Calcium is the most abundant and one of the most important minerals in the body. It is essential for cell signaling and the proper functioning of muscles, nerves, and the heart. Calcium is needed for blood clotting and is crucial for the formation, density, and maintenance of bones.
Calcium levels are tightly controlled; if there is too little absorbed or ingested, or if there is excess loss through the kidney or gut, calcium is taken from bone to maintain blood concentrations. Roughly half of the calcium in the blood is ‘free’ and is metabolically active. The remaining half is ‘bound’ to albumin.
Some calcium is lost from the body every day, filtered from the blood by the kidneys and excreted into the urine. Measurement of the amount of calcium in the blood is used to determine how much calcium the kidneys are eliminating.
Why you should keep track of your calcium level
A total calcium level is often measured as part of a routine health screening. When an abnormal total calcium result is obtained, it is viewed as an indicator of an underlying problem.
Parathyroid hormone (PTH) and vitamin D are responsible for maintaining calcium concentrations in the blood within a narrow range of values. If the calcium is abnormal, measuring calcium and PTH together can help determine whether the parathyroid glands are functioning normally.
Measuring calcium can help determine whether the kidneys are excreting the proper amount of calcium, and testing for vitamin D, phosphorus, and/or magnesium can help determine whether other deficiencies or excesses exist. Frequently, the balance among these different substances (and the changes in them) is just as important as the concentrations.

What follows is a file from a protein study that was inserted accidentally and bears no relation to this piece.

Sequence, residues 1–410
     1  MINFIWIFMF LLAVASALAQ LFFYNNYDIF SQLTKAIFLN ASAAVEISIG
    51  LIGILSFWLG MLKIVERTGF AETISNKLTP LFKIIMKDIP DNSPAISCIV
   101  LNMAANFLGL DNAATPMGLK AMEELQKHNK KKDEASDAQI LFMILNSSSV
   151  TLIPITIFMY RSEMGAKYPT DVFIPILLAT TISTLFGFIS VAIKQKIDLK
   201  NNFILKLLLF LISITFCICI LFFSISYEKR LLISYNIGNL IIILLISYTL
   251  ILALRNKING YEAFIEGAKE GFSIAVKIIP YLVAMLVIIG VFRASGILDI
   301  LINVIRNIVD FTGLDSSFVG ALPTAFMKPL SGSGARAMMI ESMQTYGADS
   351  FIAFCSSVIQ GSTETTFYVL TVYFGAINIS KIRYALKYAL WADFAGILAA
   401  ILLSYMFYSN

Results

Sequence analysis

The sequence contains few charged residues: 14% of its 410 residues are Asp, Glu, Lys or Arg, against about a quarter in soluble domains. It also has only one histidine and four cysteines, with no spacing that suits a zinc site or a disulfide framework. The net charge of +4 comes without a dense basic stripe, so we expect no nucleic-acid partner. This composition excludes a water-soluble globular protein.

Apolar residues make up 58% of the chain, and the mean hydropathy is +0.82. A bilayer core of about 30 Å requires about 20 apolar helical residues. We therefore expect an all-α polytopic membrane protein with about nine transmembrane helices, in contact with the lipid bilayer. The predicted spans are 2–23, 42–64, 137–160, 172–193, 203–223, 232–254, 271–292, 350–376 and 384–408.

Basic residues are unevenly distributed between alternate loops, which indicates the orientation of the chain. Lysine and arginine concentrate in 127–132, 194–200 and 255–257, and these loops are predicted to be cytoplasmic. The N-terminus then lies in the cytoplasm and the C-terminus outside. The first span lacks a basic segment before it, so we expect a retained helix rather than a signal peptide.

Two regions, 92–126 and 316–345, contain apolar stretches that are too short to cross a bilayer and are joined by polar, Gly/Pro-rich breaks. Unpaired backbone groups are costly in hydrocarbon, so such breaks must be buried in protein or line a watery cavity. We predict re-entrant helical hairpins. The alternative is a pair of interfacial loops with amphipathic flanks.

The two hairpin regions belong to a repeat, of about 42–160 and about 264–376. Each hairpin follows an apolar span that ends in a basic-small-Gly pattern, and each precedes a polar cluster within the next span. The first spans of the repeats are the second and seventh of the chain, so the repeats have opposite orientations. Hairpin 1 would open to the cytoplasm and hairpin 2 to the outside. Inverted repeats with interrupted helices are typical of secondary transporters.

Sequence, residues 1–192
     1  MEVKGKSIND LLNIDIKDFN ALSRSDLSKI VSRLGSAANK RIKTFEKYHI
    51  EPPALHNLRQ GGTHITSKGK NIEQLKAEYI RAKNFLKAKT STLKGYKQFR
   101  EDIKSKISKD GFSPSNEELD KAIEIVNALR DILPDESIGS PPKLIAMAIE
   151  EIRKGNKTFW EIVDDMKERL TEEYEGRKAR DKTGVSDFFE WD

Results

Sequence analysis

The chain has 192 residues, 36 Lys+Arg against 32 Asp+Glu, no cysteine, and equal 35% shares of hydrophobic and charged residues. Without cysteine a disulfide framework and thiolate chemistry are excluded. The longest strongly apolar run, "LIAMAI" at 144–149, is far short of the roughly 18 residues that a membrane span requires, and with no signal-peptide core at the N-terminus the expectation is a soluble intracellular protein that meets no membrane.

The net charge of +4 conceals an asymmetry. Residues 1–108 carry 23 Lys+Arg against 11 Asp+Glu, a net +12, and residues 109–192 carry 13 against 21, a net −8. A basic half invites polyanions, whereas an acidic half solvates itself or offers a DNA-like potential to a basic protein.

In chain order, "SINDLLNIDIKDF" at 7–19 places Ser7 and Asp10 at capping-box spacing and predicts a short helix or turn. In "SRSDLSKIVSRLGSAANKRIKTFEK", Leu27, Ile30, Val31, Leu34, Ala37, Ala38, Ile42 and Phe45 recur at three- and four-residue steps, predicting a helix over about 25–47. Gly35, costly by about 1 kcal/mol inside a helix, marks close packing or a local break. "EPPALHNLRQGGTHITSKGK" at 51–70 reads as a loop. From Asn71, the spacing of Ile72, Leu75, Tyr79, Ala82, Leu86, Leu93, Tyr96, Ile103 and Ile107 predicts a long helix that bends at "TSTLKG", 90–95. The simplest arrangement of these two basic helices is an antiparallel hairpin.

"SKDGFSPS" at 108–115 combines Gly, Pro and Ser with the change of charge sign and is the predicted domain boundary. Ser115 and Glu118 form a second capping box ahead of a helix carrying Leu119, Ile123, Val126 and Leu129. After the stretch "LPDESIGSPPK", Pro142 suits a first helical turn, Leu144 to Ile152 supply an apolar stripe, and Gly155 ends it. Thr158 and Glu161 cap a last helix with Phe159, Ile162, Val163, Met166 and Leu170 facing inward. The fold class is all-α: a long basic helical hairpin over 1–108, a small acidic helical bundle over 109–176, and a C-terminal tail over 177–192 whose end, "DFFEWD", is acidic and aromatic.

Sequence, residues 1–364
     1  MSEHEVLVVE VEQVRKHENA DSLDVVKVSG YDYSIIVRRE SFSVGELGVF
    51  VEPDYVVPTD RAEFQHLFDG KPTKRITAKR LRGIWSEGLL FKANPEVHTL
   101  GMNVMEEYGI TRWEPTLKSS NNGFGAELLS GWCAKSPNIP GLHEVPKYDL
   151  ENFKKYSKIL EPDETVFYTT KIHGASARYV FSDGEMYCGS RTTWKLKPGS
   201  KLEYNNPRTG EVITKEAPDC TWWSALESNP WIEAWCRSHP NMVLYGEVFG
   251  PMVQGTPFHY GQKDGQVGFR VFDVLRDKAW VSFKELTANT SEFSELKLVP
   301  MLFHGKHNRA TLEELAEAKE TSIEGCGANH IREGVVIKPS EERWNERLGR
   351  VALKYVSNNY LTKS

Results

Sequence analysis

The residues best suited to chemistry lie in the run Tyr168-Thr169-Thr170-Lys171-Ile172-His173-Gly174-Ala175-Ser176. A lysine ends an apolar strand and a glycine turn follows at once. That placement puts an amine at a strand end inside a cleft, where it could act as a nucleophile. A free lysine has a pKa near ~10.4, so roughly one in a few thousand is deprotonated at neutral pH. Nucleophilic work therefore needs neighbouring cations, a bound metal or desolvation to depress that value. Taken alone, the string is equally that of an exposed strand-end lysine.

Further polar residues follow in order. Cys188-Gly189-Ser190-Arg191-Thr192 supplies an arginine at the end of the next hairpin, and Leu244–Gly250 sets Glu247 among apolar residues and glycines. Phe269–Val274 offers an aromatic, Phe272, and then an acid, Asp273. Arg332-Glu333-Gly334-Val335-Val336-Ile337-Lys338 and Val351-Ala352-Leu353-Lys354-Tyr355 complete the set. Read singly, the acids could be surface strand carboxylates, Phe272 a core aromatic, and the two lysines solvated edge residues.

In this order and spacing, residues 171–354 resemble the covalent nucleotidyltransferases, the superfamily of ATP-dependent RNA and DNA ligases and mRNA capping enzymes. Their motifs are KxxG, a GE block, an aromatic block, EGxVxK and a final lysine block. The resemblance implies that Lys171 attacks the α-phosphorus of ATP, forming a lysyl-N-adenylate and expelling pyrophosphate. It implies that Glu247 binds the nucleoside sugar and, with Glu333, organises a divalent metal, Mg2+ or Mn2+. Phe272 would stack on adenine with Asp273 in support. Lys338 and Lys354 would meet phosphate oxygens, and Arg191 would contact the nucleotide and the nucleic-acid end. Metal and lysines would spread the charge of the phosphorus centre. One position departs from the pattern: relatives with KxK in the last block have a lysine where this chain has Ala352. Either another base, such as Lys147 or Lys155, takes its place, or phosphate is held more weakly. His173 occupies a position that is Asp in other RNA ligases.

Calcium can be used as a diagnostic test if a person has symptoms that suggest:
- Kidney stones
- Bone disease
- Neurologic disorders
Large fluctuations in calcium can cause the heart to slow down or to beat too rapidly, can cause muscles to go into spasm (tetany), and can cause confusion or even coma. In those who are critically ill, it can be extremely important to monitor the ionized calcium level in order to be able to treat and prevent serious complications.
How to prevent it
Your body needs calcium to help muscles and blood vessels contract and expand, to secrete hormones and enzymes and to send messages through the nervous system.
It is important to get plenty of calcium in the foods you eat. Foods rich in calcium include:
- Dairy products such as milk, cheese, and yogurt
- Leafy, green vegetables
- Fish with soft bones that you eat, such as canned sardines and salmon
- Calcium-enriched foods such as breakfast cereals, fruit juices, soy and rice drinks, and tofu.
The exact amount of calcium you need depends on your age and other factors. Growing children and teenagers need more calcium than young adults. Older women need plenty of calcium to prevent osteoporosis. People who do not eat enough high-calcium foods should take a calcium supplement.